Prove your humanity

For the past fifty years, public opinion research has converged on a common result: that “the public,” as one political scientist puts it, “is overwhelmingly ignorant about politics.”

The evidence suggests that this ignorance is wide-ranging. When voters are polled about politics, usually by means of multiple-choice questions, many seem to accept falsehoods regarding how political institutions work, which policies are in place, and who is responsible for enacting those policies.

To many, this ignorance is deeply troubling for democracy. Democracy empowers the people. But if the people are ignorant about politics, democracy seems destined to make bad decisions.

In recent years, some have drawn the lesson that democracy works best when most people don’t participate actively in politics. The important work, they suggest, should be left to more knowledgeable political elites. Others go further still: they conclude that we should give non-democratic systems a chance.

This pessimistic narrative is grounded in an intuitive premise: that the fact that voters accept falsehoods about politics shows that they are politically ignorant.

On closer inspection, however, this premise is false. Falsehoods can, and often do, impair people’s understanding of politics. But they can also facilitate political understanding. This simple insight has profound implications for how we should measure ignorance going forward; and, perhaps more importantly, for the value of democratic participation.

Falsehood and understanding

It may seem counterintuitive to think that falsehoods can facilitate understanding. But this insight is actually integral to scientific practice. Scientific models are typically riddled with falsehoods that simplify, idealise, or otherwise distort their subject matter. For example, although it is widely acknowledged that energy is not a fluid, physicists often model energy as a fluid streaming from object to object.

This is no accident. The presence of these simplifying, idealising, or distorting falsehoods helps to highlight, or render salient, important properties of the object being modelled. Representing energy as a fluid, for instance, helps us visualise the conservation of energy: the fact that the total energy of an isolated system remains constant.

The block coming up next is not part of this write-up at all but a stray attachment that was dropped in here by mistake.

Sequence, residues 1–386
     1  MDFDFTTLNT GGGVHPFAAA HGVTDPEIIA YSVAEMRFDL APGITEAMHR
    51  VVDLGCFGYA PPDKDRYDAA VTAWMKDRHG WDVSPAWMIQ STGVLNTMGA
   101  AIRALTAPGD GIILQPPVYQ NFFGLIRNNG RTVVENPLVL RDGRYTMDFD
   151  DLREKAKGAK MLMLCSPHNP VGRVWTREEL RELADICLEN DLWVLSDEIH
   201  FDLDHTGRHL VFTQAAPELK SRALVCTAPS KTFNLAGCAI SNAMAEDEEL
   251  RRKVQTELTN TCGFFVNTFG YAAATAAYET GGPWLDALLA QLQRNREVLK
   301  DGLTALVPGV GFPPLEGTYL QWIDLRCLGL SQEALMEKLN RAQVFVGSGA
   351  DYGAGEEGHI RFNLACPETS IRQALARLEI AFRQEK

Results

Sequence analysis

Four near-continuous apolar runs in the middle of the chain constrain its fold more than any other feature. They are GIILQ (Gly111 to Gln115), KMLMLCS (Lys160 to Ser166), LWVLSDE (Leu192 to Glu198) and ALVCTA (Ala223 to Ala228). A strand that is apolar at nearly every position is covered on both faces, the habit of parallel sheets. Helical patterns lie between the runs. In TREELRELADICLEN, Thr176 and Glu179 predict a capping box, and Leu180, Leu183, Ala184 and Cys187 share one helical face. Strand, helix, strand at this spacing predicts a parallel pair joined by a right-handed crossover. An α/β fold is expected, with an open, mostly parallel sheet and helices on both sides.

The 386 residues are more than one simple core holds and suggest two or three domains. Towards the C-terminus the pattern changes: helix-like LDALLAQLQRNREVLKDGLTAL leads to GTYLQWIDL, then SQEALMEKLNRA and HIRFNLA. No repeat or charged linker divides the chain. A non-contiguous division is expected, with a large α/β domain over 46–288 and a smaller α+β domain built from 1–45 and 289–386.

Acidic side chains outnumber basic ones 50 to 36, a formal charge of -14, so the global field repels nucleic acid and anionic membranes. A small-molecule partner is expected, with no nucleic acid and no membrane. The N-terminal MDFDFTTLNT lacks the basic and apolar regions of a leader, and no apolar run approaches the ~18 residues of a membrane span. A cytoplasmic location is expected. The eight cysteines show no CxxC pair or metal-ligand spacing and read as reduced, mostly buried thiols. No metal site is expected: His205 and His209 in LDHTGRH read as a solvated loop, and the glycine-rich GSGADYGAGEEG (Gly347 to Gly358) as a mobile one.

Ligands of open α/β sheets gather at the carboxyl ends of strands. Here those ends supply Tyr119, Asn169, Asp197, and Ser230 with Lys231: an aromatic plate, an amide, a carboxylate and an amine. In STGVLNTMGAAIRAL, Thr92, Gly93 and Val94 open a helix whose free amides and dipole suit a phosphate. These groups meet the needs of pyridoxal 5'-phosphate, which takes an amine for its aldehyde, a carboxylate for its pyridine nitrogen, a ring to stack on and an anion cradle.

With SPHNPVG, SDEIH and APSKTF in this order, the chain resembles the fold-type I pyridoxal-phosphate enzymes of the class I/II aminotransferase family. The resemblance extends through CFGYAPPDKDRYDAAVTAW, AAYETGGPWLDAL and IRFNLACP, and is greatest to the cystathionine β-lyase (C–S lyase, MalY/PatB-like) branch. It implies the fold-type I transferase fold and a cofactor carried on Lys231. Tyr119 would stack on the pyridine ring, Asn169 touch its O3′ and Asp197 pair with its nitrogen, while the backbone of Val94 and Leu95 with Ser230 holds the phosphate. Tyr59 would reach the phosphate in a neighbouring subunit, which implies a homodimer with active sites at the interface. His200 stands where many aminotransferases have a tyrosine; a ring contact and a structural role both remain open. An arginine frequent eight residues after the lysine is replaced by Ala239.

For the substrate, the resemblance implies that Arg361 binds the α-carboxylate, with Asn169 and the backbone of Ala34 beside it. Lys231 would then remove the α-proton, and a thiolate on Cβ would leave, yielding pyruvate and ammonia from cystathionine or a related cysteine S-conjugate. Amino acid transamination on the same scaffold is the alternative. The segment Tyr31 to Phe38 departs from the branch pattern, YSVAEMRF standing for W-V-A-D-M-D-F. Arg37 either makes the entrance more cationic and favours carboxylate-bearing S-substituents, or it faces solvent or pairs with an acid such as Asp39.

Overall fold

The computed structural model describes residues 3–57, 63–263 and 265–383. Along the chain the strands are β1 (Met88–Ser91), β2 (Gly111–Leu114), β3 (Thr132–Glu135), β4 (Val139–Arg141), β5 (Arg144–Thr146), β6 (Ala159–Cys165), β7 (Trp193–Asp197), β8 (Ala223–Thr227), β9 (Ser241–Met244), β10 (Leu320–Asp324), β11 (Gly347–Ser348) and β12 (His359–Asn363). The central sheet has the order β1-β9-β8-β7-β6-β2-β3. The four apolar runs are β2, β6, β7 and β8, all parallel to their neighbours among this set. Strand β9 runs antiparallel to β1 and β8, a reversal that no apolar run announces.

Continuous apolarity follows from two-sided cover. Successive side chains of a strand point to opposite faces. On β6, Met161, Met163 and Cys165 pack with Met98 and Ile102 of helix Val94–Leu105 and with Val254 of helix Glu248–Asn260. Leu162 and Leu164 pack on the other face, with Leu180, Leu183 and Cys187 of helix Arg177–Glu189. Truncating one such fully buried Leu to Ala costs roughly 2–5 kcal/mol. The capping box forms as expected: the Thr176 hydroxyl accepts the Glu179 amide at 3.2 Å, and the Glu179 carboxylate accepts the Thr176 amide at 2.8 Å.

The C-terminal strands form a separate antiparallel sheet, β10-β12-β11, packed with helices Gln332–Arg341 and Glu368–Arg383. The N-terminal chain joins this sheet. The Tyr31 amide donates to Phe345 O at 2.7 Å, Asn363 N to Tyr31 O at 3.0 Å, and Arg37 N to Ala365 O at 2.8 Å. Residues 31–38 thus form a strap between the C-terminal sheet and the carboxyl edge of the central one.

Nor is this phenomenon unique to science. A subway map helps us understand the structure of a city’s public transit system. But it does so by distorting the physical distances between stations, and abstracting from streets and buildings.

Crucially, this phenomenon carries over to the political domain. For example, many rural voters in Wisconsin believe that rural areas receive fewer tax dollars per capita than urban areas. This, as it turns out, is false. Both receive about the same. Yet rural sociologists have argued that, for complex reasons—having to do, notably, with economies of scale—providing public goods such as broadband or schooling is often more expensive in rural areas.

The upshot is this. The claim that rural areas receive fewer tax dollars may be false. But it stands for, and helps to represent, a complex reality. In other words, this falsehood serves as a substitute for esoteric claims (about, say, economies of scale), which simplifies, and renders more accessible to non-experts, the real distributive disadvantage experienced by rural areas.

Measuring political ignorance

The first implication is that although voters accept falsehoods about politics, it doesn’t necessarily follow that they lack understanding.

This has lessons for measurement. When we measure political ignorance, we need to disentangle cases where falsehoods impair political understanding, from cases where they facilitate it. That, in turn, requires looking at falsehoods more holistically: going forward, we need to examine the specific role that falsehoods play within voters’ broader “models” of political reality.

This highlights the importance of combining quantitative public opinion research with more qualitative ethnographic methods. Ethnographic investigations invite voters to explain their perspectives in their own words. Thus, they reveal people’s broader models of politics, and the role of particular commitments—including falsehoods—within those models.

The importance of participatory democracy

The second implication concerns democratic participation. Models, and the useful falsehoods they contain, can help highlight important properties of the political environment. But these same falsehoods also come at a cost. Rural voters’ belief that they receive fewer taxes may help to highlight something real. But it also obscures something real: namely, facts about the distribution of tax spending.

What this shows is that no single model tells the whole story. To achieve comprehensive understanding of a domain (scientific or political), we need multiple models.

In politics, democratic participation is key to achieving this. The idea of participatory democracy promotes the active participation in public discourse of people from different walks of life. This wide-ranging participation allows the expression, within the same public arena, of different models of political reality.

Upon closer examination, therefore, the falsehoods that voters accept are not an argument against democratic participation. Rather, they highlight why such participation is so important to political understanding.

A longer version of this article was originally published in the British Journal of Political Science.